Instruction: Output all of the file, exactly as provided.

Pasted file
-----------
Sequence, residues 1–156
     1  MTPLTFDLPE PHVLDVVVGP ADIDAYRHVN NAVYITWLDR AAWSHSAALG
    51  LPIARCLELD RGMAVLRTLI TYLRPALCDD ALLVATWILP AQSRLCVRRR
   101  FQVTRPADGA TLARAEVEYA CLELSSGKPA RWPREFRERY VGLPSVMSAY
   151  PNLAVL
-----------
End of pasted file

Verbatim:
Sequence, residues 1–156
     1  MTPLTFDLPE PHVLDVVVGP ADIDAYRHVN NAVYITWLDR AAWSHSAALG
    51  LPIARCLELD RGMAVLRTLI TYLRPALCDD ALLVATWILP AQSRLCVRRR
   101  FQVTRPADGA TLARAEVEYA CLELSSGKPA RWPREFRERY VGLPSVMSAY
   151  PNLAVL